Overall, suicide was the third leading cause of death among young Americans in 2004, accounting for 4,599 deaths. It is surpassed by only car crashes and homicide, Arias said.

The study also documented a change in suicide method. In 1990, guns accounted for more than half of all suicides among young females. By 2004, though, death by hanging and suffocation became the most common suicide method. It accounted for about 71 percent of all suicides in girls aged 10-14, 49 percent among those aged 15-19 and 34 percent between 20-24.

"While we can't say (hanging) is a trend yet, we are confident that's an unusually high number in 2004," said Dr. Keri Lubell, a CDC behavioral scientist who was one of the lead authors of study.

The study did not analyze why hanging has become the most common suicide method, but scientists speculated it could be the most accessible method.
"It is possible that hanging and suffocation is more easily available than other methods, especially for these other groups," Arias said.

The CDC is advising health officials to consider focusing suicide-prevention programs on girls ages 10-19 and boys between 15-19 to reverse the trends. It also said the suicide methods suggest that prevention measures focused solely on restricting access to pills, weapons or other lethal means may have more limited success.

Arias said the declining use of antidepressants could be a factor in the spike. But she noted it's "not the only factor" that health officials will be studying to explain the jump. Four years ago, federal regulators warned that antidepressants seemed to raise the risk of suicidal behavior among young people, so black box warnings were put on the drug packaging.

"Suicide is a multidimensional and complex problem," she said. "As much as we'd like to attribute suicide to a single source so we can fix it, unfortunately we can't do that."

The study mentioned other factors that tend to increase the risk of suicide, including history of mental illness, alcohol and drug use, family dysfunction and relationship problems.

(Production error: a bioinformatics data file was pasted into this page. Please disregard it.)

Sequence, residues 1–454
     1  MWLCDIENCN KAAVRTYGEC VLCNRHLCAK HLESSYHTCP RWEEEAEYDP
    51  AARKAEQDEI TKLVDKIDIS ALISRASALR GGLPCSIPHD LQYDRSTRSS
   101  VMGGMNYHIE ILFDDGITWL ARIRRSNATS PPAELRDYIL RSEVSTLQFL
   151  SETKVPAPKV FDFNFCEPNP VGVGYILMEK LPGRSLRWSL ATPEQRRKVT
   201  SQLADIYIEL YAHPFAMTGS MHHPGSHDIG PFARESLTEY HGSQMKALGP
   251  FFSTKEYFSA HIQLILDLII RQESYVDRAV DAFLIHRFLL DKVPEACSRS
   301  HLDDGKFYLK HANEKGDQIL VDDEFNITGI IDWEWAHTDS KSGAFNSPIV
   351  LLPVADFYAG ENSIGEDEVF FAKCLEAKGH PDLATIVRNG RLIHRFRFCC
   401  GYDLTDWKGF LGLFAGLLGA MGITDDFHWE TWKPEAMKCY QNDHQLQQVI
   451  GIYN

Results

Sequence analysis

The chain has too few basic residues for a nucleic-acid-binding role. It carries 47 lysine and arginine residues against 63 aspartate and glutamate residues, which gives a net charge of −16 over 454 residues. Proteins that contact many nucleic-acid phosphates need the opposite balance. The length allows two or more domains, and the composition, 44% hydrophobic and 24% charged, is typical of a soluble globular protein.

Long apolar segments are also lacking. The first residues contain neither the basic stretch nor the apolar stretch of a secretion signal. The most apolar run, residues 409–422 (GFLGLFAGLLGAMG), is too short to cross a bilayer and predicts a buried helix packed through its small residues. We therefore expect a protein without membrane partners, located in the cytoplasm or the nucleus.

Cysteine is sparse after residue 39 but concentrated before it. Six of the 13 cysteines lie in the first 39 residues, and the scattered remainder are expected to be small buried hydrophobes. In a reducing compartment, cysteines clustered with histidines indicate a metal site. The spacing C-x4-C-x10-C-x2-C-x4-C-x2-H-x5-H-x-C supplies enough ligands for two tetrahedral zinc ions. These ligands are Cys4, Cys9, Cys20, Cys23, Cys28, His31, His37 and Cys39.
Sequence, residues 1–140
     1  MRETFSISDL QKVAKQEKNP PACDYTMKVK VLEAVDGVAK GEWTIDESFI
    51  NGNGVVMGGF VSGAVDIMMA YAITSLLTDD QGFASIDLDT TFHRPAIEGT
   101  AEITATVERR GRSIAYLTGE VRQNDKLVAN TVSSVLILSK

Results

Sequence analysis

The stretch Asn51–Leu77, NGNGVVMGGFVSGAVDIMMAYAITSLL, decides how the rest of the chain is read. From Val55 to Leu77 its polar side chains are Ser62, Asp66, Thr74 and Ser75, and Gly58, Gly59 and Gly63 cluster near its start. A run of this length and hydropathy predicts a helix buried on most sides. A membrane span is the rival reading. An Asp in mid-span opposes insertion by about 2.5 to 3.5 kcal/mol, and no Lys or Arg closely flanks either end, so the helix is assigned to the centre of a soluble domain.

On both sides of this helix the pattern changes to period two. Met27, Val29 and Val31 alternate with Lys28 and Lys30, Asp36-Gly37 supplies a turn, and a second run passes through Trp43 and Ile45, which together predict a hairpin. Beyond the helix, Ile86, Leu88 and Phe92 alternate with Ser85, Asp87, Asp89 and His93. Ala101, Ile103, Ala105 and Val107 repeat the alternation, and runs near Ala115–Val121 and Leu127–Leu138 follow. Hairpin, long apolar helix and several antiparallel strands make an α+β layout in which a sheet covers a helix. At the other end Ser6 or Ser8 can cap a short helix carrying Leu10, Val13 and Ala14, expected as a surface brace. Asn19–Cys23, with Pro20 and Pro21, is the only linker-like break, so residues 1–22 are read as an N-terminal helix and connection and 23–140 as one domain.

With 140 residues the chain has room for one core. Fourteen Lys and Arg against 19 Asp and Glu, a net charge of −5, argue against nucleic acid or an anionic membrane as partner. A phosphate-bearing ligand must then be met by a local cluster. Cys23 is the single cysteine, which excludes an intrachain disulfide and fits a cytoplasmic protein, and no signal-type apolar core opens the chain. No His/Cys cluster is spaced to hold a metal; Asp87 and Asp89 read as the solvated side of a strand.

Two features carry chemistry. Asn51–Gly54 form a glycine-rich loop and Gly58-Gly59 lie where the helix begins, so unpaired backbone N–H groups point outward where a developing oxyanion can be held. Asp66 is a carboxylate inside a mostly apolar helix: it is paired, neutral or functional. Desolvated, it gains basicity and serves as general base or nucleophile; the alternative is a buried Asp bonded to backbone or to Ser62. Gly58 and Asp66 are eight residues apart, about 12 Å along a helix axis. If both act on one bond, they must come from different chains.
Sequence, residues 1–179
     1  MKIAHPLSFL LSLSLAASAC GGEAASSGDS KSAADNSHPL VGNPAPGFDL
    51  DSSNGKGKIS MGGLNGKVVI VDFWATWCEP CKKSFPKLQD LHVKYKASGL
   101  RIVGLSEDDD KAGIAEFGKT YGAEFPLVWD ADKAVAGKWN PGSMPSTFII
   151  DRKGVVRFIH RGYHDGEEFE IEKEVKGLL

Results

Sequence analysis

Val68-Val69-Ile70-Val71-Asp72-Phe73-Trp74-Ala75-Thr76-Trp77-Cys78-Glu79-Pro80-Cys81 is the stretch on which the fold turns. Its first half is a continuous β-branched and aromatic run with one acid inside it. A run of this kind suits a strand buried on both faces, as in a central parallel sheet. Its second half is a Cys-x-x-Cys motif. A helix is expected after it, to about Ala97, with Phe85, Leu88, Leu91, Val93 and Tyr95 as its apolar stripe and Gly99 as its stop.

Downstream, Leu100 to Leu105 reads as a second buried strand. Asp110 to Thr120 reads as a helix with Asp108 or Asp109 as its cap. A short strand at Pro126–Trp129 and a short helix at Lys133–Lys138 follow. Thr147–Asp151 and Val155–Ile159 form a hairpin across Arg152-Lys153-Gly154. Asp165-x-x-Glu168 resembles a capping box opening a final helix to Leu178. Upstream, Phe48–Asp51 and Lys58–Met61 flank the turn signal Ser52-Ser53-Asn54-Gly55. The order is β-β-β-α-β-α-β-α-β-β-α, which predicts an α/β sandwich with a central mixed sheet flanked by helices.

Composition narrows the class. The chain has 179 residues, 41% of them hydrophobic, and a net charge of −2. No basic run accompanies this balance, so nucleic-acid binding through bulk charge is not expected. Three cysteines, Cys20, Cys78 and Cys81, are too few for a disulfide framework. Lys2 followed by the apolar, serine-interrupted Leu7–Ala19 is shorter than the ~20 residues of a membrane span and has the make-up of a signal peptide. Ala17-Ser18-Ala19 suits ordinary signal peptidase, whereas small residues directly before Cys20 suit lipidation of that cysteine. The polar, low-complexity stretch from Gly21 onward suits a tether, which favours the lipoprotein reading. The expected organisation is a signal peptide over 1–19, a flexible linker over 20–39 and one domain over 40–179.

On the Net:
http://www.cdc.gov/ncipc/dvp/suicide
===================

http://enews.earthlink.net/article/n...70906307780427

camslam
September 7, 2007, 10:00 PM
Kentak: Here was my problem with the good doctor.

Remove firearms from the home. Studies show that even when firearms in the home are locked up, teens are significantly more likely to kill themselves than those in homes without firearms.

I don't care what context he puts that in, it is a lie and not factual. Studies do not show that homes that have firearms locked up are less likely to have kids kill themselves.

It is just another ignorant person, passing on misinformation about a subject they are not educated on. To me that is tantamount to intentionally lying. If you are too lazy to get the truth about something, don't say anything about it at all. Especially if you are passing information on as a "so called expert".

It is bad enough we have to deal with an agenda driven media, why should we put up with garbage from people like the Dr. who are supposedly more trustworthy?

The Viking
September 7, 2007, 10:26 PM
High suicide rate in the Scandinavian countries, though; hardly seems right for the descendants of the Vikings, does it?
Almost 80 years of Social Democratic tyranny does funny things to your head.

Bezoar
September 7, 2007, 10:40 PM
This is one of those times when the evidence can and will be skewed to fit anyones pet theory to a t.

Instead of getting guns away from us, why dont they focus on the problem that makes people commit suicide? IF you looked closely i bet you would see that most suicides are caused by economic reasons, so get rid of letting debt be a deciding factor in denying work.

Kentak
September 7, 2007, 10:51 PM
camslam,

There's locked up, then there's locked up. I have no idea why you are getting so worked up about this article. The doctor whose comments are referenced in the OP is, by any definition, an expert in adolescent psychology, depression, and suicide. I suspect you are not.